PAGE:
Looking Back to the Future

Apr 13, 2011   //   by Boston Cyberarts   //   Blog  //  Comments Off on Looking Back to the Future

The Boston Cyberarts Festival has always tried to include the history of new media in it’s programming. While the goal of the Festival is to present the most cutting edge art of the day, it is important in any art form to also discuss the innovators who came before. Four exhibitions this year look back and examine art and artists who made significant advances in new media.

At the deCordova Sculpture Park and Museum, Drawing from Code: Works from the Collection of Anne and Michael Spalter, is an exhibition of the earliest computer-generated art by the form’s most important practitioners from the 1950s to today. The Providence-based collection of Anne and Michael Spalter is one of the largest and most important of its kind in the U.S. and shines a new light onto a darkened corner of the art historical record. In addition to the prints, mostly plotter drawings, are early computer animations made by artists, Stan Van Der Beek and Lillian Schwartz at Bell Labs in the late 1960s. Up through April 24.

As part of a joint exhibition kinetic sculpture at the Axiom Center for New and Experimental Media and the MIT Museum, the MIT Museum is showing two of the most important works of early kinetic sculpture from their collection. “Cybernetic Sculpture #301” by Wen Ying Tsai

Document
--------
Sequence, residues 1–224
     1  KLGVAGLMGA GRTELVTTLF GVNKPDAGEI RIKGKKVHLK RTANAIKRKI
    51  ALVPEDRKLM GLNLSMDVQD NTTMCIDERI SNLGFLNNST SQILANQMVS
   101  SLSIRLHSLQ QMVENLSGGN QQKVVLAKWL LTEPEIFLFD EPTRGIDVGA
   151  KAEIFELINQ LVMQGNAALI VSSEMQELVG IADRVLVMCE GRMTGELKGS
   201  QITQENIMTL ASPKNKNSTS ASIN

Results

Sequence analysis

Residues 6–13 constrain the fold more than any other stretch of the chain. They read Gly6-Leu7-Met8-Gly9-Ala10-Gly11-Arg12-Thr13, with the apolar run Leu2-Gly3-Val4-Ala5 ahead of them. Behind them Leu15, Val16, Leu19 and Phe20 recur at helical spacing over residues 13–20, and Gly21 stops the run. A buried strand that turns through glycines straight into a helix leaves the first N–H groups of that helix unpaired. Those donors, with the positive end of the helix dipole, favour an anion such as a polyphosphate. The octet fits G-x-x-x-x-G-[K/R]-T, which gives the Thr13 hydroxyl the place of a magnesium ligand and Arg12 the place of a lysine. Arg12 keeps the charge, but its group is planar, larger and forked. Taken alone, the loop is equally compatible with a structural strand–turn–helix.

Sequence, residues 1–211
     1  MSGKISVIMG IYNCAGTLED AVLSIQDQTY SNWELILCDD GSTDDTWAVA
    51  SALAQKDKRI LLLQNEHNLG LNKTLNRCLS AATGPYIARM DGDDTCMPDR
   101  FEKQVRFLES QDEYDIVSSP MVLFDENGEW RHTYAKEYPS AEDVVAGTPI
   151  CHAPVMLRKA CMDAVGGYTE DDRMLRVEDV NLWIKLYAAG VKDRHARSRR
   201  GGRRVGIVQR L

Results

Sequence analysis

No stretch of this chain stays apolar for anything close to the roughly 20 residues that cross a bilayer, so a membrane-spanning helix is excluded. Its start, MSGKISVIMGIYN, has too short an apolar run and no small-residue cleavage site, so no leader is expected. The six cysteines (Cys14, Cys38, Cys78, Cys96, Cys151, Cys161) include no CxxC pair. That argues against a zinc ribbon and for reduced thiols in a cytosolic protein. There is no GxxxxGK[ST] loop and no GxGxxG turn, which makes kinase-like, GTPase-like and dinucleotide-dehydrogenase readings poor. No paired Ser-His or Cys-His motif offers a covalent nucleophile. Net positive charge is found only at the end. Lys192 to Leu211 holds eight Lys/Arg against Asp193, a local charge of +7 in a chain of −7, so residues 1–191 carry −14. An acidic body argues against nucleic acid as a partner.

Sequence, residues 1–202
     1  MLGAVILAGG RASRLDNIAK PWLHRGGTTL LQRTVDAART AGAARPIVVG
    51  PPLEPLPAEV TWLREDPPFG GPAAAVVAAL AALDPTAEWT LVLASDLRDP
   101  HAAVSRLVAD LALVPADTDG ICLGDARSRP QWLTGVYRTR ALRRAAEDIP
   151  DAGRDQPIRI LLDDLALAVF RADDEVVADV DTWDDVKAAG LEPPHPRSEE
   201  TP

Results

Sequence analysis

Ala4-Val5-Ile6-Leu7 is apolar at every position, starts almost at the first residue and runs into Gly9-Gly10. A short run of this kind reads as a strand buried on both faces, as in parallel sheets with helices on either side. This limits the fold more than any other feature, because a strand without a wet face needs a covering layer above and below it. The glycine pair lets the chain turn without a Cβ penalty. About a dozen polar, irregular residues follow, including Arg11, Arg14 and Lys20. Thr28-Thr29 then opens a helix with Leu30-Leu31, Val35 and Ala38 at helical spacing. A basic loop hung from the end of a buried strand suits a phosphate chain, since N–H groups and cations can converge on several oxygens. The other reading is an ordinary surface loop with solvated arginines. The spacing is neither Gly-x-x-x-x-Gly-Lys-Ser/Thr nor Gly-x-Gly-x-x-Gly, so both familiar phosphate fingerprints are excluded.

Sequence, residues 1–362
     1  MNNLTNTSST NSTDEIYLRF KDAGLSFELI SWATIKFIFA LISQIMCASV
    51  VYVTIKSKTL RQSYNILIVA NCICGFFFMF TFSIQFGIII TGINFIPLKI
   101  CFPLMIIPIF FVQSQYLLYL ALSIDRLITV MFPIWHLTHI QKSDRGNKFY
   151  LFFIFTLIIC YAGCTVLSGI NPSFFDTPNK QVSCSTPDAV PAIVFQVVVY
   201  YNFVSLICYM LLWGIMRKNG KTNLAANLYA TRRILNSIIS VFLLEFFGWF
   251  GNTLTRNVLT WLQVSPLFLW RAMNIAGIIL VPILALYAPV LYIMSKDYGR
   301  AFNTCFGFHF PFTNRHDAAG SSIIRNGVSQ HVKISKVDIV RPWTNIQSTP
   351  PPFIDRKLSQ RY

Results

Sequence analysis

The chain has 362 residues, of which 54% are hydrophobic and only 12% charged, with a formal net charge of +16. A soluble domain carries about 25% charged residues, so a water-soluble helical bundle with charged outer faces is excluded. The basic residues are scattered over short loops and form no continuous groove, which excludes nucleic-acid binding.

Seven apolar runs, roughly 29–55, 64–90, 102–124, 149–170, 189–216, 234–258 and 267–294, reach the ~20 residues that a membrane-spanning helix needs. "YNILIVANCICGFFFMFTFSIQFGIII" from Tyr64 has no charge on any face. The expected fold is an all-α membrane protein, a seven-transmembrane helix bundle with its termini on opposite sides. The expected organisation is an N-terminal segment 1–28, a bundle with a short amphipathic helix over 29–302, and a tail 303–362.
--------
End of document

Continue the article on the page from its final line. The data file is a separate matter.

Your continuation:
(1970) and “Electro-Magnetic I” by Greek artist, Takis (1962) are two works by early masters of sculpture that incorporate motion. Open through the entire Festival.

Video art was the first form of new media and artists in the U. S. and Germany were the first to embrace this early technological art form. MIT’s List Visual Arts Center presents the first United States museum survey of the work of Chilean-born video artist Juan Downey (1940-1993). Juan Downey: The Invisible Architect will feature a selection of key works by this under-recognized pioneer of video art. Downey, who came to New York from Chili in 1965, was one of the masters of early video art. He mixed autobiographical and anthropological elements to make densely layered works that examined his own multi-cultural background. Opens May 5.

The Goethe Institut’s RECORD > AGAIN! – 40yearsvideoart.de – Part 2 concentrates on early German video art, including several rarely seen, re-discovered works. The Zentrum fur Kunst und Medientechnologie in Karlsruhe has put together this fascinating compilation of early work.  The Goethe Institut will present an evening of works curated experts in the Boston area with discussion of the importance of this art form. Part 1 of this series was featured at the Goethe Institut for the 2007 Boston Cyberarts Festival. Thursday April 28, 5-9pm.

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